The following is an article which speaks about the basics of what and how Performance Art came to be and mainly focuses on the works of the icon “Marina Abramovic” BEFORE her collaboration with Ulay, and the rest which will be further briefed into the Part 2 of this article.
I was lying sleepless in bed on a regular school night awaiting the forthcoming deary morning I was going to have when I decided to listen to the podcast “Crash On My Couch” by the YouTube creators Will Darbyshire and Arden Rose where I was first introduced to the concept of this Avant Garde type of art and the briefest of overviews on the most acclaimed of Abramovic’s pieces.
The genre of Performance art encompasses an artist and a live audience where the medium is the body and art can be interpreted in the actions of the artists and is like an energy dialogue between the audience and performer. It gained prominence in the 60’s as a challenge to paintings. Performance as the name suggests involves action which is often a statement made against social, political, traditional, religious rules and laws made by the society and it radically challenges them through these alternative art pieces. It is a form of Avant Garde art which is rather experimental, radical, or unorthodox in nature and usually challenges the norm and pushes the boundaries of what is acceptable. I will paraphrase one of the pioneers of performance art Marina Abramovic, ” That’s the difference between performance and acting, in the first there is a knife and your blood and the latter there is ketchup and you don’t cut yourself and then it’s a fail.” which was what really appealed to the audience.
It has its roots in the late 19th and early 20th centuries. Following World War II, performance emerged as a useful way for artists to explore philosophical and psychological questions about human existence. Unlike painting and sculpture it would force one to interact with a living human who could feel the pain and cold just like them. Most of the times it is fascinating as it displays the mundane activities of human life as art to criticize and it forces us to see the issue in horrifying ways and sometimes makes us laugh at the idiocy and ridiculousness of our lives.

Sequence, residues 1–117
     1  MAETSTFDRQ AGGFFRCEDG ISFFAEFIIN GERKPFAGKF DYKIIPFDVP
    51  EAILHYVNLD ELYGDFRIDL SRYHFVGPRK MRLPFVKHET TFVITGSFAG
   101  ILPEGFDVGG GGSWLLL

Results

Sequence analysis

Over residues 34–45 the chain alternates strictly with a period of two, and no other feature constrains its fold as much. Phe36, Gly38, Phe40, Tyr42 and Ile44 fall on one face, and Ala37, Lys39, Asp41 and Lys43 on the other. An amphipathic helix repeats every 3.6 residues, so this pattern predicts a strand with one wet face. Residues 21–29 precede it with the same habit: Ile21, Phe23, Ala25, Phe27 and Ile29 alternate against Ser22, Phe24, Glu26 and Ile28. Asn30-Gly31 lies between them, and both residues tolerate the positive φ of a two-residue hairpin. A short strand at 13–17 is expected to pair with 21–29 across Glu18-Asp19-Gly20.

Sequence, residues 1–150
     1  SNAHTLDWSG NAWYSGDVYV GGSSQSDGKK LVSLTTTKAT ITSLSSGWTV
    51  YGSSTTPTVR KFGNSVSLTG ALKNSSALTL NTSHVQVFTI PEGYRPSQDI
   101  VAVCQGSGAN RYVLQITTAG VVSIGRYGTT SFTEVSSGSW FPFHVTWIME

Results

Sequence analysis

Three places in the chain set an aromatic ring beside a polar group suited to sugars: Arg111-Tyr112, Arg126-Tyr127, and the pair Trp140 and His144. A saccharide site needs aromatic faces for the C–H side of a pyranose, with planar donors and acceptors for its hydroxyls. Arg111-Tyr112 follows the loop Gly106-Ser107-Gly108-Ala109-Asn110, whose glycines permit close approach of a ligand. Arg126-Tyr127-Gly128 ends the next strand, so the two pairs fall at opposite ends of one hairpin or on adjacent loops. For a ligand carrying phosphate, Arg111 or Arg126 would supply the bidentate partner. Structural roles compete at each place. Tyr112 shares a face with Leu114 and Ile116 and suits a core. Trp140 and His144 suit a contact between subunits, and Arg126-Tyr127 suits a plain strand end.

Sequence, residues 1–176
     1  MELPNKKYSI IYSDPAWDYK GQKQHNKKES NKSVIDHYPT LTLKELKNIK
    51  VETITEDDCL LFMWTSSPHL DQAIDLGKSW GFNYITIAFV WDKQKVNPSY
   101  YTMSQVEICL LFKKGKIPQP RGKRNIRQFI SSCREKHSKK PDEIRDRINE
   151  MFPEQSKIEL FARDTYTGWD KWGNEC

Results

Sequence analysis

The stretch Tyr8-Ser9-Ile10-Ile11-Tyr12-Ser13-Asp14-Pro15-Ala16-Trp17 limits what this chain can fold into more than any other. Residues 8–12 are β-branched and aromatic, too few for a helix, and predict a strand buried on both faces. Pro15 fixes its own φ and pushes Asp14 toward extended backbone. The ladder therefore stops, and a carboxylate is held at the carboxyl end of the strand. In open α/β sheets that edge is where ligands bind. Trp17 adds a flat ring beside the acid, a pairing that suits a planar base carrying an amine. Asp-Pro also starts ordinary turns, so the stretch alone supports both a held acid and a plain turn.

Now, when I first heard about Marina and saw her performances, that was the time I knew I wanted to write this. There are many other artists in the genre that are worth mentioning and have greatly shaped what we know today as Performance but, we’ll be talking here about Marina.
Marina Abramovic is Yugoslavian, born in the year 1946. She was raised in a household of strict military discipline, her parents were soldiers in the Second World War and came back as national heroes. This had a great impact on her art pieces later on. As a child her mother would beat her, Marina once mentioned that she would be woken up in the middle of the night if she wasn’t sleeping properly or her bed was too messy. She had a curfew of 10 till the age of 29… “All the performances in Yugoslavia I did before 10 o’clock in the evening because I had to be home then. It’s completely insane, but all of my cutting myself, whipping myself, burning myself, almost losing my life in the firestar, everything was done before 10 in the evening.” On the contrary to receiving no love from her parents, there was her grandmother who she stayed with when she was young. Her grandmother’s firm faith in religion resulted in her going to church very often and she remarks on how these two polar dynamics shaped her.
She’d taken an early interest in art in the form of painting. During the war once she found herself painting when 12 military planes flew over her head, she went to the military base and asked them to use the planes because she wanted to paint the sky and that day she had an epiphany as an artist, she realized she could make art with her surroundings, with herself and she never painted after that.
The BEFORE Ulay Era: [1973-1975]
RHYTHM 10, 1973-
Duration: 1 Hour.
The first performance art piece was performed at a festival in Edinburgh. Her early performances were focused on sound installations. She’d lain a white sheet of paper with 20 knives of different sizes and a tape recorder to record the sounds. She played the Russian Game of rhythmic knife jabs between the stretched fingers of one’s hand. She would pick up a different knife each time she’d cut herself until the last one, then she replayed the tape while again trying to jab the knives the exact same way she did before with the help of the sounds, trying to replicate the cuts and jabs. It was to experiment the state of consciousness of a performer while trying to to replicate the mistakes and a merger of the past and the present. This was when she realized how the audiences energy fueled her performance.
RHYTHM 5, 1974-
Duration: 1 1/2 Hours.